New Zealand are poised to make a daunting transition. They will be without their fearless leader and most dynamic batsman who has bid adieu to international cricket. The 2016 ICC World T20 signals the dawn of a new era for New Zealand cricket after the retirement of beloved captain Brendon McCullum.
The Black Caps’ talisman quit last month after the Test series against Australia and New Zealand now must regroup quickly if they hope to mount a serious challenge in the tournament. They would have doubtless loved McCullum to play on a little longer. It is undeniable that New Zealand will miss his destructive batting and inspirational leadership; the boys fed off McCullum’s dynamism and it propelled them to heights previously unimaginable.
With McCullum back in the hut, the Kiwis are very much outsiders for the title. Most cynics don’t believe New Zealand can escape from a difficult group alongside Australia, Pakistan, India and the winners of the qualifying pool played among Bangladesh, Ireland, Netherlands and Oman.
But as has been repeatedly evident over the years, it is never wise to underestimate New Zealand who have a knack of springing surprises. Without McCullum, they defeated Pakistan 2-1 in a T20 series at home in January with a pair of convincing victories that would have given them a healthy dose of confidence.
But playing in the sub-continent represents an entirely different challenge and, accordingly, New Zealand selected in their 15-man World Cup squad a three-pronged spin arsenal consisting of off-spinner Nathan McCullum, leg-spinner Ish Sodhi and left-arm orthodox all-rounder Mitchell Santner.
It is a relatively inexperienced spin attack and highlights the gaping hole left by Daniel Vettori, who has been greatly missed across all formats. It will be interesting to see how the Black Caps proceed and whether they will play more than one spinner but you feel opposition batsmen will relentlessly target them.
New Zealand will hope for their high-octane pace battery to fire after a lacklustre performance in the recent Test series against Australia. Trent Boult and Tim Southee struggled with the red cherry but have generally been able to swing the white ball more prodigiously. Both are masterly proponents of swing bowling and at their best can scythe through a batting line.
But Boult and Southee struggled noticeably to make inroads against Australia over two Test series recently, and if they can’t produce early breakthroughs then New Zealand’s bowling could be exposed as the rest of the attack has a feel of fragility about it. The selectors surprisingly left out highly impressive paceman Matt Henry and opted for left-armer Mitchell McClenaghan and explosive youngster Adam Milne.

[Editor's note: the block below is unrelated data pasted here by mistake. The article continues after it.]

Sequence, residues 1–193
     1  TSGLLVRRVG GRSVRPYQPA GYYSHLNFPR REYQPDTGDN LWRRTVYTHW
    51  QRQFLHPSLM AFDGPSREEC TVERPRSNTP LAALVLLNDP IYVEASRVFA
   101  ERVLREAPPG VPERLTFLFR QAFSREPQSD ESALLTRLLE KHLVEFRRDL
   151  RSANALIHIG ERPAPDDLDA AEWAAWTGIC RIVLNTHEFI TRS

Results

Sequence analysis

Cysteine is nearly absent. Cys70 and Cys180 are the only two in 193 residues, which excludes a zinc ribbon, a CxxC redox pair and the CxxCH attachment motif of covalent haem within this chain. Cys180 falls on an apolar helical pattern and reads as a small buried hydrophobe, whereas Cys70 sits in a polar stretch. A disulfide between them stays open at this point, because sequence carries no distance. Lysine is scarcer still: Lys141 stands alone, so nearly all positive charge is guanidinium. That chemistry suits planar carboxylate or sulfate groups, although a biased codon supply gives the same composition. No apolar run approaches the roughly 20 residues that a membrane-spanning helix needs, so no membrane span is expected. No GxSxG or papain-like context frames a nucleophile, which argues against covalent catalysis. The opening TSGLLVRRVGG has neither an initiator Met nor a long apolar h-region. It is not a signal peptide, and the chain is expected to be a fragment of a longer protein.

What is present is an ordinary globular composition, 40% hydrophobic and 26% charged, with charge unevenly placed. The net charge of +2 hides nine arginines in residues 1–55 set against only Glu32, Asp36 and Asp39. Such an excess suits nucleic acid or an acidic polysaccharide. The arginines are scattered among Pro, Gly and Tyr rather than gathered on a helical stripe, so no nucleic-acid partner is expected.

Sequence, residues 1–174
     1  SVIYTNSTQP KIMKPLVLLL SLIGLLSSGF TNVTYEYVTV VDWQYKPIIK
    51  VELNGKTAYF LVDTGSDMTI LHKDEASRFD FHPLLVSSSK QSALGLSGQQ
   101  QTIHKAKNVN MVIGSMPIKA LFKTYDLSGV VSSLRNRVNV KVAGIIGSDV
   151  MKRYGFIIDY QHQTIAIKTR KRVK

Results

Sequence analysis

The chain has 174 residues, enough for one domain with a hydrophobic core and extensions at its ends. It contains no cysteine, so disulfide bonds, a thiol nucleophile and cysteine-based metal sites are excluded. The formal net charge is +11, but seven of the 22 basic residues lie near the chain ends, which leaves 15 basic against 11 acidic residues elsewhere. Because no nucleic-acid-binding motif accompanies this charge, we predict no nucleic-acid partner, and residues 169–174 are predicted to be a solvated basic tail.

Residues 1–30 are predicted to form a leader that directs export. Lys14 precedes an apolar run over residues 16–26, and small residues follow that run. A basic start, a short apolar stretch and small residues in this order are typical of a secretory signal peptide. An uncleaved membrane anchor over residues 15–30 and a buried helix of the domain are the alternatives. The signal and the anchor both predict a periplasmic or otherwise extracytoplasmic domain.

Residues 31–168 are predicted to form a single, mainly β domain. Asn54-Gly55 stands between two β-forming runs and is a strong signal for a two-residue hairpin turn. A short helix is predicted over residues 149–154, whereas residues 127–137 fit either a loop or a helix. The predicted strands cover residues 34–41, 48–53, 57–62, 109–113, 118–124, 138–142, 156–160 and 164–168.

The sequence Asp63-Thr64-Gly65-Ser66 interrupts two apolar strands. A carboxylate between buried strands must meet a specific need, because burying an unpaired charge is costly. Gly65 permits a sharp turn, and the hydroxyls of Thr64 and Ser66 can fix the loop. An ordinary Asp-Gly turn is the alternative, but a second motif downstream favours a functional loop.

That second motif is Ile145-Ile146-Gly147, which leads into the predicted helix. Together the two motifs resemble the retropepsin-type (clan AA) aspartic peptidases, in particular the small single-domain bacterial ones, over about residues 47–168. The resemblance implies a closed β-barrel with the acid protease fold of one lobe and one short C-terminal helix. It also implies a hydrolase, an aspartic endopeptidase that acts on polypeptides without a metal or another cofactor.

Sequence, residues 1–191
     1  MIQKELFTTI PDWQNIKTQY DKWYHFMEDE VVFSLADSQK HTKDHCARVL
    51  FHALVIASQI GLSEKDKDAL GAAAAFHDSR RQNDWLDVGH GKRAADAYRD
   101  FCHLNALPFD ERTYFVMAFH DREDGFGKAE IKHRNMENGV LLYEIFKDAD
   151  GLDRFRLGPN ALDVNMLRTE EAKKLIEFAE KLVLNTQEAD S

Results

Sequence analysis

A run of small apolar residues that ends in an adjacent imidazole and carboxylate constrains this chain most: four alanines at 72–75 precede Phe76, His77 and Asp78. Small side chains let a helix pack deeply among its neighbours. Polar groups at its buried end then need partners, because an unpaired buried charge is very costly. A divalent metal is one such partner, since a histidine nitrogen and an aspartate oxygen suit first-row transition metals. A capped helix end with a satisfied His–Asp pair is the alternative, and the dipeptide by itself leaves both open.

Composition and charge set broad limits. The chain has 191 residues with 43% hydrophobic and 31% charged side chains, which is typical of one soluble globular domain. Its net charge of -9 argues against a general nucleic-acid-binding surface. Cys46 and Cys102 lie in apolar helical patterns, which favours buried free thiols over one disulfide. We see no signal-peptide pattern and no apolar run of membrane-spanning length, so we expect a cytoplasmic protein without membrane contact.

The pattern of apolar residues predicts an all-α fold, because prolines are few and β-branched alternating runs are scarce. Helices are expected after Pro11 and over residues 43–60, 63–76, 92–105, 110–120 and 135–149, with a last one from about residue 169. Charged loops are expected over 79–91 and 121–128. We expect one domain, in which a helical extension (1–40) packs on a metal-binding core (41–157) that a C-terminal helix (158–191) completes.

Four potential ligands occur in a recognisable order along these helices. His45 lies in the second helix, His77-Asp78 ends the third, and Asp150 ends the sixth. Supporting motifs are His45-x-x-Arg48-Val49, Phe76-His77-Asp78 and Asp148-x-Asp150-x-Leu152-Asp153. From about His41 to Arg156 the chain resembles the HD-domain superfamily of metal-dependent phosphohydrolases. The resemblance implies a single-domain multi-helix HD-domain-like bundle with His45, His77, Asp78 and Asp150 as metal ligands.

Milne, 23, is seen as a budding superstar and has been hailed as New Zealand’s quickest bowler since Shane Bond roared onto the scene in the early 2000s. Capable of bowling at speeds nudging 150 kmph, Milne’s fledgling career has been stymied by injuries but he once again showed his spectacular promise by taking six wickets against Pakistan in two T20 matches in January. The World T20 could very well be the making of Milne.
New Zealand’s batting, though, still looks capable of mustering significant scores. And just like in the longer formats, their fortunes will largely rest with captain Kane Williamson.
Very much a classical batsman boasting a flawless technique, Williamson may not appear explosive or audacious but his innate class ensures he can score at a quick clip. He scored a pair of exquisite 70s against Pakistan, which underlined his significant role as New Zealand’s batting fulcrum.
Complementing Williamson is a well-rounded New Zealand batting line-up with Martin Guptill, Corey Anderson and wicketkeeper Luke Ronchi all capable of being match-winners on their day. Guptill will be relied upon to get New Zealand off to a fast start while the burly Anderson is best equipped at finishing an innings.
New Zealand will be sweating over the fitness of experienced batsman Ross Taylor, who missed the ODI and Test series against Australia due to a side strain. Taylor returned to cricket in late February and believes he will be at full fitness for the World T20. But scepticism lingers over whether he will be able to return to his best, and if not, New Zealand’s batting will look decidedly unstable.
It will be a baptism of fire for Williamson who did impress as captain against Pakistan in ODI and T20 series in January. He should be able to find solace in New Zealand’s tenacious history, even though they have only made the final four of the World T20 once previously.
Williamson will be hoping his team can harness the spirit and success New Zealand have so memorably displayed at the ODI World Cup. For so many of those tournaments, Black Caps were fancied as “dark horses”, and they generally lived up to that billing. Similarly, this team could legitimately warrant that moniker once again.
The Kiwis have always played hard and have enough talent to trouble the very best teams. Amid an arduous group, New Zealand will have to showcase their famed pluck repeatedly to progress deep into the tournament. It looks an uphill battle but write New Zealand off at your peril.